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How to increase your child's emotional intelligence
Children and emotional intelligence, emotional intelligence tests and assessments, EQ coaching, training, distance learning courses.

We recommend genius babies for your child's emotional intelligence
Order NOW:  "How to Develop Your Child's Emotional Intelligence" 

Baby Gifts & Learning Tools

Emotional Intelligence Articles
Emotional Intelligence

I'm often asked how to develop your child's emotional intelligence or your baby's EQ, and so I've written an eBook, "How to Develop Your Child's Emotional Intelligence: A Practical How-to Guide." In it you'll find lots of suggestions, including that you join in with your child emotionally, engaging in their play.

              If a child is to keep alive his inborn sense of wonder, he needs the
                companionship of at least one adult who can share it, rediscovering
                with him the joy, excitement and mystery of the world we live in.
                                                           ~ Rachel Carson, American writer

Emotional intelligence is all about this joy, excitement and mystery ~ to be shared.  The rest, as someone famous said, "is just details."  

Susan is a featured columnist on writing on Developing Your Child's Emotional Intelligence.  She is syndicated on .  

Can your child tell how other people are feeling?

Empathy helps us relate better, but it also keeps us safe.  A recent
research study on gullibility found that it tended to increase
with the mental or cognitive age of the child. (Mills and Keil, Yale U., "The Development of Cynicism," Psychological Science Vol 16, issue 5, 5/05) Older children were better able to understand the concept of self-interest and bias.  A young child for instance, when told by his older brother "You should give me all your candy because it's got germs all over it," can think it through and suspect his brother might by lying in order to get the candy for himself.  This takes the ability to understand how the other person might be feeling.  It can keep us safe!

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Children of the World Sewing Cards
Why?  Multiple intelligences.  Seeing below the surface.   Good for eye-hand coordination, verbalizing, fine-motor skills, unisex, multicultural, thinking below the surface.





The "I'm Learning EQ©" t-shirt, our product.  Others will ask about it and initiate conversation, which is what EQ is all about.  Listen to your child answer, "What's EQ" and see how he's doing.  EMAIL ME.





Brainy Baby Video
You KNOW we recommend this one!  Click on picture to order.



                   Band in a Box
                   Please add to this a pot or pan and metal spoon!
Click on picture to order


Children have a natural affinity for music.  It's been with us (as humans) from the beginning of time, and requires no verbal skills whatsoever.  In fact, it expresses what words cannot.  Join Club Vivo Per Lei / I Live for Music and learn more about music, so you can share it with your child.  It's Free.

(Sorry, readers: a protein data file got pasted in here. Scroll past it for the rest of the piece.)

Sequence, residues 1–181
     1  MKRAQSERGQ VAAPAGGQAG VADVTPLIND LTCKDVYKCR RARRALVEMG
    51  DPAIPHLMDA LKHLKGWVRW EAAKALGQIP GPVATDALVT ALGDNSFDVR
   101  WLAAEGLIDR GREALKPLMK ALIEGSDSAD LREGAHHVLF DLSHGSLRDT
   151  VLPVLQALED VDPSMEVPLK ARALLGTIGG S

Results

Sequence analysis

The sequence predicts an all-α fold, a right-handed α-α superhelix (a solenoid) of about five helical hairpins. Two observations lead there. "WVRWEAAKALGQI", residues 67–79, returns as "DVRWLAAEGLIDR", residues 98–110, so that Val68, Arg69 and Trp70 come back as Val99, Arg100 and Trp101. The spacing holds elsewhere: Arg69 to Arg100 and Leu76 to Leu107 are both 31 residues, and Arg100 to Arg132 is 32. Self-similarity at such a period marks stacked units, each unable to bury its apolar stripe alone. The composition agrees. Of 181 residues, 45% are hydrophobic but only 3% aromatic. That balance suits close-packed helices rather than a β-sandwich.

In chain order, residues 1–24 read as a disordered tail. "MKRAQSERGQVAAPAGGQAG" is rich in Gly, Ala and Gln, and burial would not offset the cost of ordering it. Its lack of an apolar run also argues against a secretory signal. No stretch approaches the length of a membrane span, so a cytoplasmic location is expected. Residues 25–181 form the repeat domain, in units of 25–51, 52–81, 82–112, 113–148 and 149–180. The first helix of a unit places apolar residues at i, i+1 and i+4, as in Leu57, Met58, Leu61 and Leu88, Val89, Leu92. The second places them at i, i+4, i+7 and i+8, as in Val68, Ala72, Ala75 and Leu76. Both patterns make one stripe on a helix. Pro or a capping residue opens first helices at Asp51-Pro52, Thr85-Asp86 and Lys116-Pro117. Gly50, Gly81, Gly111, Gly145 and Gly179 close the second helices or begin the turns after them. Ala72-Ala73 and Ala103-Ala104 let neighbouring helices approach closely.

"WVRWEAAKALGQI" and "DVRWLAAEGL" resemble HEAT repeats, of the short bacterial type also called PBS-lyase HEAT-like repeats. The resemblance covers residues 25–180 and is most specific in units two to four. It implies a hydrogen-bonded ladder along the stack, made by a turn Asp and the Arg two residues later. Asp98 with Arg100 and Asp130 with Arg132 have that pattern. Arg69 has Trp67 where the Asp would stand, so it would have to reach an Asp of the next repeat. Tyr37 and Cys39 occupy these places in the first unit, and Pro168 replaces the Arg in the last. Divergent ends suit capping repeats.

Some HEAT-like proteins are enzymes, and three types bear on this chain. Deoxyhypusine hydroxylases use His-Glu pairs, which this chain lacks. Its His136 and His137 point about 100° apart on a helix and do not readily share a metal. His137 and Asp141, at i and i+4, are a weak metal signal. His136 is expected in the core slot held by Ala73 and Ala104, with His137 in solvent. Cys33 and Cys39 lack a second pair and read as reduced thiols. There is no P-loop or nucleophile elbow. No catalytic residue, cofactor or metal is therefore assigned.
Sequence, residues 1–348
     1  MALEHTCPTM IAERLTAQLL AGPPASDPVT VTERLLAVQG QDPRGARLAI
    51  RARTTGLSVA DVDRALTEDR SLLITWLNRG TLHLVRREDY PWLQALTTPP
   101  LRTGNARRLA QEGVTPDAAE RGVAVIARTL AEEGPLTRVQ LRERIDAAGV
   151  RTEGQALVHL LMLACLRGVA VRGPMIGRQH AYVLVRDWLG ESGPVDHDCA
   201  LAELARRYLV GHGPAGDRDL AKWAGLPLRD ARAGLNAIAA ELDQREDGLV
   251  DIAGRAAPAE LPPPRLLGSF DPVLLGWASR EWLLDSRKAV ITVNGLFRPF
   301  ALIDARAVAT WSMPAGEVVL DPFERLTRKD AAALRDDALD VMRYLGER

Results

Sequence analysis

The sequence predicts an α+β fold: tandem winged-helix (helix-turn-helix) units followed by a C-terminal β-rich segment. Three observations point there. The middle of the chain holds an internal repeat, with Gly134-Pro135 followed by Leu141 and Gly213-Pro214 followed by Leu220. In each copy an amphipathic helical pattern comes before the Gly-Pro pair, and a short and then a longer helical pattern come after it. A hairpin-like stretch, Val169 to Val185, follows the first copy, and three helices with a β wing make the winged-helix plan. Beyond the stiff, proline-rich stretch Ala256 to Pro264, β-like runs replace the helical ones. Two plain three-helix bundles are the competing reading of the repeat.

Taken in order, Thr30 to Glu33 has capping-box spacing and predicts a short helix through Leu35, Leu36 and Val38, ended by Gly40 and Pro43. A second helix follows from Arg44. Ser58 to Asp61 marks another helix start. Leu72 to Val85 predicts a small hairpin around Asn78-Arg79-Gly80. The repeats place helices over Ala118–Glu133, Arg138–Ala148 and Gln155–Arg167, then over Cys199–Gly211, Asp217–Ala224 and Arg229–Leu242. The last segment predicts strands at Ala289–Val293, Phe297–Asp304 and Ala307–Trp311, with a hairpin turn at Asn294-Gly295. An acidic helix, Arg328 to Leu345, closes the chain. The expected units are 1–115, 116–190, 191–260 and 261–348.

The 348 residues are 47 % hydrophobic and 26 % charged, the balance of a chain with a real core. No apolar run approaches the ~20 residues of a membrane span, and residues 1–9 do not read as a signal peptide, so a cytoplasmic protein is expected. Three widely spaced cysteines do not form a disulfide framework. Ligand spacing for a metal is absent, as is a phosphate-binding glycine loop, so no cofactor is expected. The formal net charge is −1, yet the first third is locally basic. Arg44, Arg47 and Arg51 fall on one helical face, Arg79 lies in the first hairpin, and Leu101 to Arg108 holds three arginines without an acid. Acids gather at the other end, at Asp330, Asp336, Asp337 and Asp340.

Every one of us should become proficient in at least one other language.  Get started early.  If you live in a multicultural area,  try and find a native speaker who tutors children. They have these books for several languages, not just Russian.

More products coming soon!

Emotional Intelligence Books


Won't you join the 
EQ Alive!  training and certifying emotional intelligence coaches?  GO HERE.

 The level of the parent's emotional intelligence heavily influences the degree of emotional intelligence the child is able to develop.  You can't NOT teach emotional intelligence, because it's how you interact.  



  • Check out the "How to Increase Your Child's Emotional Intelligence" Reading List

  • Order the eBook, "How to Develop Your Child's Emotional Intelligence"

  • Get Emotional Intelligence coaching for yourself; you can't take your child any further than you are

  • Take the EQ-Map to see what your skills are.

  • Take THE EQ Foundation Course®, increase you own and then pass it on

  • Check back here for regularly updated resources

"When kids remember, they connect information, when and where they learned it, and how they felt as they were being exposed to it."  --Maurice Elias, Ph.D., "Emotionally Intelligent Parenting," EQ Today


Gordon's Mom works with him on his emotional intelligence.  Just as she says "Getting hair cut" and "Climbing ladder" and "Eating peas" when he's doing those things, she says "Feeling angry" and "Feeling happy" and "Gordon is laughing" when he's having these emotions.

At the same time that she's teaching him the names of things, places, movements, and people, she's teaching him the words for his feelings.

Britta is 5.  She went with Gordon to get haircuts, and that's just how she felt--like an afterthought.  Gordon is 2 and awful cute.  Something very sad happened.  Gordon got a lot more attention than Britta did.  Britta was very jealous.  First she tried talking louder.  Then she ran over and got in the face of the beautician.  When her mom told her to sit back down, she got very angry.  Then she got silly and made faces.  When it was time to leave the beauty shop, Britta pushed Gordon down on the sidewalk.  Yes, it was intentional.  Her Mom saw her do it.


What should Britta's Mom do?




Your child's EQ can't be any higher than yours is.  Take the EQ test and see how you score.  Whatever your results, please feel free to discuss them with me.  

Choose an EQ competency, such as optimism and consciously practice it each morning with your child, explaining what and why you're doing it.  For instance, if you burn the toast, remember the 3Ps -- it wasn't personal, pervasive or permanent.  Say, "Let's do what Optimists do -- let's think about how great the eggs are!  When we get home tonight, we'll fix some good toast.  We always do!"